In April this year, top army officials told the MoD about the time, cost and operational advantages of Israel’s 155 mm ‘ATHOS’ (Autonomous Towed Howitzer Ordnance System). Under an accelerated delivery schedule, Israeli manufacturer Elbit has assured the army that the first 12 guns will be delivered within 14 months of signing the contract and all 400 guns will be delivered within 54 months. The Israeli gun’s 15-tonne weight offers it an advantage over the 18-tonne ATAGS, particularly in difficult terrain without properly developed road networks. Moreover, ATHOS costs Rs 9 crore per gun, while the ATAGS costs Rs 22 crore per gun. To sweeten the deal, the Israeli vendor has reportedly promised to source 70 per cent of the gun’s components from Indian industry to whom they will provide complete ToT (transfer of technology). ATHOS, the army told the MoD, is a one-time purchase to meet immediate operational requirements without impacting the indigenous programmes. But the ATHOS has problems of its own—it is not in service even in the Israeli army and had suffered structural failure during trials in India some years ago.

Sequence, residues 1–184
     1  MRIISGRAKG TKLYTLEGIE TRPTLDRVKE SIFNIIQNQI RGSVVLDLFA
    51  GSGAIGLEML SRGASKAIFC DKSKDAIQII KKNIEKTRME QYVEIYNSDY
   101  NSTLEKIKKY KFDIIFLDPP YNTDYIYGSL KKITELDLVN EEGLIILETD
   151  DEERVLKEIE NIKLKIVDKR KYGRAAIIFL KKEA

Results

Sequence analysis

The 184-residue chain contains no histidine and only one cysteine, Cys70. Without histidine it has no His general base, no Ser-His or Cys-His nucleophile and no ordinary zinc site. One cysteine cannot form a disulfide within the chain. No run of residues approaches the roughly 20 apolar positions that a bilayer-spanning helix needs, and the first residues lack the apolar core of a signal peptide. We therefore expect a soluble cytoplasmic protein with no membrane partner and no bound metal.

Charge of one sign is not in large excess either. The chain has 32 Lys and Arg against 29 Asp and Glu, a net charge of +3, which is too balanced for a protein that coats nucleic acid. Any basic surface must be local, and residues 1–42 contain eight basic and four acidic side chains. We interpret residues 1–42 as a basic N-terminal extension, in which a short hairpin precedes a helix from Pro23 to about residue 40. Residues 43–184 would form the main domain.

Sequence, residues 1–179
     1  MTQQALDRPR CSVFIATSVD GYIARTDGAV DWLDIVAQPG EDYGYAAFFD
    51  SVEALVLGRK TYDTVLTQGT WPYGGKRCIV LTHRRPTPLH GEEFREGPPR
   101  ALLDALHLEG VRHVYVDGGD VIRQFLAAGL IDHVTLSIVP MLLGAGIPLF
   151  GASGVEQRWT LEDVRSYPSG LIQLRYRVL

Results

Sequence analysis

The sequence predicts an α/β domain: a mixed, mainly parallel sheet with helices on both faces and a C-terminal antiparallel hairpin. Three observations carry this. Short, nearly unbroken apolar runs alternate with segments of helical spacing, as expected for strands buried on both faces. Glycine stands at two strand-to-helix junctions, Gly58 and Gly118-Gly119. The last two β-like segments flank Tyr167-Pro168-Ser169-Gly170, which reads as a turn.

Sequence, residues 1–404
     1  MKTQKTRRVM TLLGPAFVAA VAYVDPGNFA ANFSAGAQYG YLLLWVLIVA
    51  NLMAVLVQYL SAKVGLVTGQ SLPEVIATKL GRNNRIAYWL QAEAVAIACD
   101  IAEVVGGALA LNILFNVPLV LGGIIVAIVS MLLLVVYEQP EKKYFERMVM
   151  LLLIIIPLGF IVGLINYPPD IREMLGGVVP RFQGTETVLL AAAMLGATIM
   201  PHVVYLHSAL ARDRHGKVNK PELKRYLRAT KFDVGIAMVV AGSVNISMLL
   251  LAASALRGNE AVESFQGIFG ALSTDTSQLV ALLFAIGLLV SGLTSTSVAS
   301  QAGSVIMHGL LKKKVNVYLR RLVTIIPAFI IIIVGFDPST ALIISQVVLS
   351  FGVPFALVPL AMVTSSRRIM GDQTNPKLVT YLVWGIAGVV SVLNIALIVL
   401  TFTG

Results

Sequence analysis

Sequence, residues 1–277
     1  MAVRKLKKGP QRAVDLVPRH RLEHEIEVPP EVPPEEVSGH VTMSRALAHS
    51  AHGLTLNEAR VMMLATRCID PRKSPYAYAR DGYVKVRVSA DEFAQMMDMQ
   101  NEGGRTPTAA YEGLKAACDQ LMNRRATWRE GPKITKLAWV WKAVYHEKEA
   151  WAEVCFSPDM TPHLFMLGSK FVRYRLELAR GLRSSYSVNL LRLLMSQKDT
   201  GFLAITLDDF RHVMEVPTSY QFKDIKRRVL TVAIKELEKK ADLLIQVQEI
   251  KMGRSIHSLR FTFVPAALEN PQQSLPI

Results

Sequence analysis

New offers from the Israeli vendor could open up a potential minefield for the MoD, for they could mean modifications in the original Acceptance of Necessity (AON) of 2007 and the Request for Proposal issued in 2011. These deviations would need either a fresh CCS approval or, as in the case of the MMRCA fighter deal in 2016, a scrapping of the tender and a direct government-to-government buy, as was done with the 36 Rafale jets.